Zombie Surfers

By Barrett, David | Art Monthly, June 2008 | Go to article overview

Zombie Surfers


Barrett, David, Art Monthly


Zombie Surfers

Cell Project Space London May 2 to June 2

We've all been to over-curated exhibitions, where the organisers feel they are the most important artists in the show, all other contributors being there simply to illustrate the thesis. 'Zombie Surfers' brings these exhibitions to mind, not because it does the same, but because the curator is such a major presence within the show. Not only has the artist-curator, Richard Priestley, chosen to include his own work in this show, but he has also decided to fit the bulk of the exhibition actually within one of his artworks. However, while he has literally defined the exhibition space and absorbed others' artworks into his, it is not in a spirit of curatorial appropriation; this exhibition's ethos is more like, 'let's all go back to my place and hang out'.

Priestley's Surf Shack, 2008, involves turning most of the gallery space into a stage-set surf shack. Push through the driftwood door and you enter a wood-panelled room filled with surf paraphernalia that has been given equal status with the art that is also on display. Of course there is a 'Chill Zone', which has a couple of benches for chillaxing on, watching vintage surf movies (such as Bruce Brown's 1958 classic documentary, Slippery When Wet) on an iMac in the corner. There's a good spread of surf magazines, such as Drift, The Surfer's Path, Stranger, etc, and postcards and leaflets from groups like Surfers Against Sewage. The emphasis on Cornish surfing and environmental issues is clear.

There's also a bar area where you can peruse, with the aid of white cotton gloves, copies of Chris Duncan and Griffin McPartland's rare Hot & Cold Zine. And, if you crouch down and push through a small doorway at the back, you can reach the boardmaking workshop, which is filled with the appropriate tools and where the embryonic form of a styrofoam blank--the first stage in surfboard production--is propped up awaiting the skilled hands of a shaper.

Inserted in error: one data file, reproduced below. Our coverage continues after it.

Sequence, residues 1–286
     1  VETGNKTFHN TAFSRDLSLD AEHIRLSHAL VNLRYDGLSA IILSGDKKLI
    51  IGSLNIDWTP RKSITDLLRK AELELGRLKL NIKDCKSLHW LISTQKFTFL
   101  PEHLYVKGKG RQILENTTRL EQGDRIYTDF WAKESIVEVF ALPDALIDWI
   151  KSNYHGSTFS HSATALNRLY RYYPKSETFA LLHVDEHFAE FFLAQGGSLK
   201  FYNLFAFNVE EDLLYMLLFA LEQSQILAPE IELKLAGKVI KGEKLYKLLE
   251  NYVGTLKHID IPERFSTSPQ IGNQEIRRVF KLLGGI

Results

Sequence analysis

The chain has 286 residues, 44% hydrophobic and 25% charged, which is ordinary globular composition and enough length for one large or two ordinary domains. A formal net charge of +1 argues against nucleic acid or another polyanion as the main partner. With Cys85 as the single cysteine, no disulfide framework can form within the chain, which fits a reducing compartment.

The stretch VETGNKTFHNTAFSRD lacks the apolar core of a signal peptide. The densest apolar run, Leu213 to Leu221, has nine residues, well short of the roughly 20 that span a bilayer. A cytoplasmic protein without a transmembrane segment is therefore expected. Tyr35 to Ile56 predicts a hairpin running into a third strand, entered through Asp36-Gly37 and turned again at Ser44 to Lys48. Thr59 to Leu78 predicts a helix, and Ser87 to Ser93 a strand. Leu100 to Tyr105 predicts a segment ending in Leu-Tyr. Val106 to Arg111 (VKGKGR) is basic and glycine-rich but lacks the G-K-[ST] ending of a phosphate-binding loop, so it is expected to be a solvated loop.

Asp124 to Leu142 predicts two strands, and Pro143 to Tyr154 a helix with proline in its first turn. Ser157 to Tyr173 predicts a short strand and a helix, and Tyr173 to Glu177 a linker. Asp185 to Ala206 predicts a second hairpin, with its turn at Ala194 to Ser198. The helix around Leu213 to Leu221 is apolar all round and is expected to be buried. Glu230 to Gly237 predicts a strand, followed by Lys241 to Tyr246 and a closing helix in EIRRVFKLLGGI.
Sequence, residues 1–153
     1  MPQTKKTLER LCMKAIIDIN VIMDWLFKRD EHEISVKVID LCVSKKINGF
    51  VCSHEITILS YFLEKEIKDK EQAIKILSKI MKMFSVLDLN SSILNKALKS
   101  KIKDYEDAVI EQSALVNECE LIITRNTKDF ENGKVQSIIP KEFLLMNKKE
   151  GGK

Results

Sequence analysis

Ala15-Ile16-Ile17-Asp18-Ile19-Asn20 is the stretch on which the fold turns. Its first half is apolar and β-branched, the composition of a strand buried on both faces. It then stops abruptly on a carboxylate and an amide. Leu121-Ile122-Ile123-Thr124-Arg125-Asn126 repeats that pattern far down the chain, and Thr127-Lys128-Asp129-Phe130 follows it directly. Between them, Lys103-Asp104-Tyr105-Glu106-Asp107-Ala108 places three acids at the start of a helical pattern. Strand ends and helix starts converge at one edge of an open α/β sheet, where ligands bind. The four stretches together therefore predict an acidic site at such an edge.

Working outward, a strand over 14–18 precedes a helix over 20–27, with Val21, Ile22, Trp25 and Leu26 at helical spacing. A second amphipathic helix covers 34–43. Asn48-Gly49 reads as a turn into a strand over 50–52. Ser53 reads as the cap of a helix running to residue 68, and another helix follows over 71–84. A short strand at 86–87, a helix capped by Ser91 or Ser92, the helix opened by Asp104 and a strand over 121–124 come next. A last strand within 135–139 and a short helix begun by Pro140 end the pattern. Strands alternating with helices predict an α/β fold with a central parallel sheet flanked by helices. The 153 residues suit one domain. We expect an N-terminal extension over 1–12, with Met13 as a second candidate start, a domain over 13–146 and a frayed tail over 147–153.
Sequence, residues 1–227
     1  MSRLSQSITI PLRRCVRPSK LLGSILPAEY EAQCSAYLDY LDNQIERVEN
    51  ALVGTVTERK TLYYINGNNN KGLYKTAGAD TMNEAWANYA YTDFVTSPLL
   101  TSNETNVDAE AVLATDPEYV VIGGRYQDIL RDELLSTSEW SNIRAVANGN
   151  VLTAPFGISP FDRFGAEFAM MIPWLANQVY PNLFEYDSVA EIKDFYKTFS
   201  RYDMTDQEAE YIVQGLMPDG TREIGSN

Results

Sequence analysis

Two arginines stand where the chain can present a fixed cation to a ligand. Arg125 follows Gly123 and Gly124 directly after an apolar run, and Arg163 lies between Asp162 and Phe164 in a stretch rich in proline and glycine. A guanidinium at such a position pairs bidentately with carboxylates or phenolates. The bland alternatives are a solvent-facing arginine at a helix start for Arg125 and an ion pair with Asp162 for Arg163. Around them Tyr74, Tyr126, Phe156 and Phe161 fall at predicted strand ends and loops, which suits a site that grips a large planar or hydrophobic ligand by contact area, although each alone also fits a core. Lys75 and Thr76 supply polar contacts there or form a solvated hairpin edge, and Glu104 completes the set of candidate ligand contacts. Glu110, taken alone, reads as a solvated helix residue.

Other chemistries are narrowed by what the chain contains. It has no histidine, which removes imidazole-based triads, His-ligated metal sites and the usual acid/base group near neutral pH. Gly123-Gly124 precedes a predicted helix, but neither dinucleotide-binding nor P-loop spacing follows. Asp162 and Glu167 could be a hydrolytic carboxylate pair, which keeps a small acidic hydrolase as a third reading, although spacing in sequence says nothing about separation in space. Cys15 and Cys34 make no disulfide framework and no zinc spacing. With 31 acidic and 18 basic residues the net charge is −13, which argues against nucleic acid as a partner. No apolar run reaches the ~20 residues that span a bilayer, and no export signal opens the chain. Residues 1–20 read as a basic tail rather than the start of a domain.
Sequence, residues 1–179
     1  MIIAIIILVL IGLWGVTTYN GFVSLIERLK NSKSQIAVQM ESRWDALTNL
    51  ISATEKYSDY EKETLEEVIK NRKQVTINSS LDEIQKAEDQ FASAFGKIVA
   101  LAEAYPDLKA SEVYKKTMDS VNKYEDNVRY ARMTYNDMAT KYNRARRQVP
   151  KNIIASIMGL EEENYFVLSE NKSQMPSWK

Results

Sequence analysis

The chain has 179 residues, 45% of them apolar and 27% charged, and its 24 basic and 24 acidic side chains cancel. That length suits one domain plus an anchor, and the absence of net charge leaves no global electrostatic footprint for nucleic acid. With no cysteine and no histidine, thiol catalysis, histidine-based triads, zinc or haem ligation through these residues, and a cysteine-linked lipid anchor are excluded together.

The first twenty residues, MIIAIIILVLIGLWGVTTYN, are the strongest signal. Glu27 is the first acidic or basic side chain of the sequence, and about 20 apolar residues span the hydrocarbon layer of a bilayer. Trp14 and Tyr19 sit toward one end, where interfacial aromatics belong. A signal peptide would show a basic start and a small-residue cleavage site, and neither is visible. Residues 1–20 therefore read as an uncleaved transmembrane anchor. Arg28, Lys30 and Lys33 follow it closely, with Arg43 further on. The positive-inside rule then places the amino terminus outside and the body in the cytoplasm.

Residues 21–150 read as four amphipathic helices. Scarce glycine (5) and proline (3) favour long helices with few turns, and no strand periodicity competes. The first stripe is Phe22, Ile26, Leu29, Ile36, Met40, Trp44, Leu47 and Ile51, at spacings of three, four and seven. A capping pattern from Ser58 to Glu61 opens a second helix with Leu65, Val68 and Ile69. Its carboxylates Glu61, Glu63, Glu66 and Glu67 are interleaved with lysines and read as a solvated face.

Other artworks slip into this extraordinarily elaborate setup with ease, partly because many of these pieces fit into the well-rehearsed surfer subculture aesthetic. There are the crazy doodles, such as Matt Franks's imagined landscape, Mind Canyon, 2008, or Stephanie Davidson's disturbing portrait, Drone, 2008, where the subject's face has been replaced by spaghetti doodles. And there are psychedelic abstractions, such as Nina Bovasso's exuberant large-scale painting, The Stretch, 2008. And then there are the works that combine crazy doodles with psychedelic abstractions, such as Joshua Rickards's charming little portrait of The Velvet Underground's Sterling Morrison, 2007.

Most of the works are on wood or paper, and a few of the drawings really stand out, mostly those by Mike Pare. His slightly retro, figurative graphite drawings--with the addition of a little egg tempera abstraction--hint at a 1968 radical idealism and emphasise the liberation of the individual that was at the heart of some of that period's popular movements. His gentle work, guitar lesson, 2007, for example, depicts a young woman intently playing an acoustic guitar. Tremulous orange squares are overlaid across the image, emanating from the instrument's sound hole. What's more, the image itself has been drawn with alternating horizontal and vertical strokes that follow the same shapes, suggesting that the simple vibrations of a strumming guitar can both shape perception and then broadcast this new vision out into wider society. …

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